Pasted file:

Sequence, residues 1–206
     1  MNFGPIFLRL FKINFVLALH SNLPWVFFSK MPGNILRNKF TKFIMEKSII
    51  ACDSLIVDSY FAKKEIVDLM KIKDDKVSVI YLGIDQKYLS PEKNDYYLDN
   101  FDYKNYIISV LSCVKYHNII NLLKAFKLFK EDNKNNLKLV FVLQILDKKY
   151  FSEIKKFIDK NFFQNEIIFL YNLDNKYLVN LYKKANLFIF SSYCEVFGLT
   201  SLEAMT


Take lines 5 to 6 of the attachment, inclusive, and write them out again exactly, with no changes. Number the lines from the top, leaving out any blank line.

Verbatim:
   151  FSEIKKFIDK NFFQNEIIFL YNLDNKYLVN LYKKANLFIF SSYCEVFGLT
   201  SLEAMT